We find the Munduruku the next day. On the menu, a new canoe trip, in the flooded forest. With strokes of the paddle, the frail skiffs slip between the aerial roots, in a labyrinth of water and damp trees. With a wave of his hand, our boatman suddenly ordered everyone to stop. A few meters in front of us, a swarm of wasps crosses the river mangrove. We let them pass.

Self-subsistence economy

Corpulent, visibly respected by the other young people of the village, Marçio no Nato Xavier Pimientel Munduruku came to settle in the village 4 years ago, after having married the daughter of the cacique. Of Munduruku grandmother but of German grandfather, he left the neighboring town of Belterra to join his wife. ” In a month, with the peak of the dry season, it will be possible to walk on foot here. Conversely, when the water rises during the rains, the landscape becomes more uniform and some of us run the risk of getting lost in a canoe. said the newlywed, directing the canoe.

Fishing and bow hunting

He learned, with difficulty, to speak Munduruku, the language of the ethnic group. Like the others, he divides his daily life between fishing, bow hunting (some arrowheads are carved from tapir bones) and cassava cultivation, invariable basis of food. The products are regularly bartered in neighboring villages for sugar and coffee. Marcio sometimes goes to sell the crafts made by the women in Santarém. In the first sense of the term, the Munduruku do not work. They live on self-sufficiency.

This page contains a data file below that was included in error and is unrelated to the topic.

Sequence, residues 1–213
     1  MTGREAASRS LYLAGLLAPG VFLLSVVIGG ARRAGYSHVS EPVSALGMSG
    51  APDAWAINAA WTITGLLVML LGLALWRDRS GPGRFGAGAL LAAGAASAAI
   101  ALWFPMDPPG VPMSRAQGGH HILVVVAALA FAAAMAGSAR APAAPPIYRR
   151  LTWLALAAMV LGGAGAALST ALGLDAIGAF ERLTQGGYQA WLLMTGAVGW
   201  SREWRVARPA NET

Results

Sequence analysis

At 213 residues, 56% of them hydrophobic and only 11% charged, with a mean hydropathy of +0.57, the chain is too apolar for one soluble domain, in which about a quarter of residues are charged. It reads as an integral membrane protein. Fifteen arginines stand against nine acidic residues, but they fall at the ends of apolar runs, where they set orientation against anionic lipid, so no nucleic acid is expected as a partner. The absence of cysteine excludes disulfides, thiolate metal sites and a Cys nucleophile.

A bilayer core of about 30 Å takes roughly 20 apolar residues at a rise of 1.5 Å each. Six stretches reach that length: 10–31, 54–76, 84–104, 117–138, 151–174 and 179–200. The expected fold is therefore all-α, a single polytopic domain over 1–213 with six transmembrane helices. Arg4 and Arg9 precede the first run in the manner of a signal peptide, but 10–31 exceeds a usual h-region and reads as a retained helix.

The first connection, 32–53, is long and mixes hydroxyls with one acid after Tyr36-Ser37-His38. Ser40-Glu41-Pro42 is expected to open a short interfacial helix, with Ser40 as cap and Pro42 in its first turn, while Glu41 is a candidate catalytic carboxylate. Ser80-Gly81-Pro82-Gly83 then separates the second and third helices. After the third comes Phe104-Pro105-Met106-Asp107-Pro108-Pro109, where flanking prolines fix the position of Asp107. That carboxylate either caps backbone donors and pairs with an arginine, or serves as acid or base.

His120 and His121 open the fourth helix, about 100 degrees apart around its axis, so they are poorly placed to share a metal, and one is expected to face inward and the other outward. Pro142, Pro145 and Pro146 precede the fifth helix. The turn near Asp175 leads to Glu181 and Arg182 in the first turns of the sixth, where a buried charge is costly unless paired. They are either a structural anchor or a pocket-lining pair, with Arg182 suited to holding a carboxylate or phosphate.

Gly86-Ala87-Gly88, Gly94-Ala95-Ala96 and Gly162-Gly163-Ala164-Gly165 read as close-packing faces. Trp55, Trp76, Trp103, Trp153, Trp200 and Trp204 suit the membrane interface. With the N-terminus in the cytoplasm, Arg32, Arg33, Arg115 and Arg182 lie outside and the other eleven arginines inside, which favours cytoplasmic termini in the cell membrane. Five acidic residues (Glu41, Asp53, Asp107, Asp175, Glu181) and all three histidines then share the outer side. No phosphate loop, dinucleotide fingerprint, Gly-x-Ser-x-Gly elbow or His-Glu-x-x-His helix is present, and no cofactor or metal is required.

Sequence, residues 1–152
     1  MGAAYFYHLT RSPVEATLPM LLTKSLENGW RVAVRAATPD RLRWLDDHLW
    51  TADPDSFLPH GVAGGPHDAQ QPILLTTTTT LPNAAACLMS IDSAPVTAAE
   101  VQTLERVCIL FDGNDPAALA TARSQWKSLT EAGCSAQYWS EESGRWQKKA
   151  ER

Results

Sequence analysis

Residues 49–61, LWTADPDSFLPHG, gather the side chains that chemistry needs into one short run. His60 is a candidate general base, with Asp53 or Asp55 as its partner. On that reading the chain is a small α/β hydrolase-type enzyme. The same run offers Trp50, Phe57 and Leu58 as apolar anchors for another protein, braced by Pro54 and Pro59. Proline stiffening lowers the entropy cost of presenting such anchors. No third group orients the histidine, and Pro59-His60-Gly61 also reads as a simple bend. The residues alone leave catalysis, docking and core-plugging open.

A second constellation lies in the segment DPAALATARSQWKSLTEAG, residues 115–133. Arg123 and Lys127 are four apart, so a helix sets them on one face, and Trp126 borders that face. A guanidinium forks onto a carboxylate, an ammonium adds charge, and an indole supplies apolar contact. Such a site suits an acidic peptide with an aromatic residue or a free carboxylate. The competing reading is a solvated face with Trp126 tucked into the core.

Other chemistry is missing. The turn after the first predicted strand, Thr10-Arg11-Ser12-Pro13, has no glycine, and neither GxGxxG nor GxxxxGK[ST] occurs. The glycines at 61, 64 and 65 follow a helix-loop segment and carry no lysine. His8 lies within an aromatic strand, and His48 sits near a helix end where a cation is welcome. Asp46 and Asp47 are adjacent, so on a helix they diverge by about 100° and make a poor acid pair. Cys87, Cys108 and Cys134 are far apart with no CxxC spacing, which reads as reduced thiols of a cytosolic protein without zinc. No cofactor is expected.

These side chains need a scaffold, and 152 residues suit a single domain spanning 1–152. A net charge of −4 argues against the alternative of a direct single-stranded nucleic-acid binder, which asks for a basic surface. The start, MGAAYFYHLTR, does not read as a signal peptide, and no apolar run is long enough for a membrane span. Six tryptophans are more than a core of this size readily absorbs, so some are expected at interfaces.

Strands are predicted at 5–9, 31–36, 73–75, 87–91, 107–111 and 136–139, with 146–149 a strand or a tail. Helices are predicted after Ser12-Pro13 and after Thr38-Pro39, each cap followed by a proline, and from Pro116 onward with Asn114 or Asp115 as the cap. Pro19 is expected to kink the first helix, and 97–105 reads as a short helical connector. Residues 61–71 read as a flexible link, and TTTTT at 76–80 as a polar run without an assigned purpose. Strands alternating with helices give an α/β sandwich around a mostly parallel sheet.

Formerly, the ethnic group was feared for its warlike instincts. At the time, to be a cacique, you had to wear a belt of heads of enemies killed in battle…

Contested logging project

In Bragança, there is no school but educational staff come to give lessons to the children. In the wooden houses, electricity comes from generators and the village is still home to a shaman. Each family has an average of five children and to meet between Munduruku communities, parties are frequently organized. The village receives two to three times a year the visit ofa hospital ship, for vaccines and other care and has a motor boat for emergencies. A necessity when you know, for example, that Marcio’s son, one and a half years old, suffers from hyperthyroidism and a stomach tumor and must have surgery in Belém, a city in northern Brazil. FUNAI, the Brazilian organization that manages the interests of Native Americans will finance the trip and accommodation of the mother. The immediate future is also a concern for the village. A person, presenting himself as “King of the Munduruku”, would try to influence the community to launch a logging project. The villagers are against it and seized FUNAI. They are trying to organize themselves to demonstrate in Belém and take the matter to court. Being indigenous in the Amazon is never a long calm river…



Paris CDG-Fortaleza with Air France Fortaleza-Belém with GOL Belém-Santarém with Azul
Cruise from Santarém aboard the Amazon Dream, replica of a traditional boat. 9 cabins. Meals on board. Boat rented by Grands Espaces, Franco-Swiss tour operator specializing in exploration cruises. French guide and French-speaking local guide on board.
Hotel Atrium Quinta de Pedras in Belém Stopover in the capital of the Amazonian delta, which is almost obligatory. Boutique hotel. Rooms with old fashion charm. Pool.

– FUTUROSCOPY – Carnivals: when tradition wins over the pandemic 🔑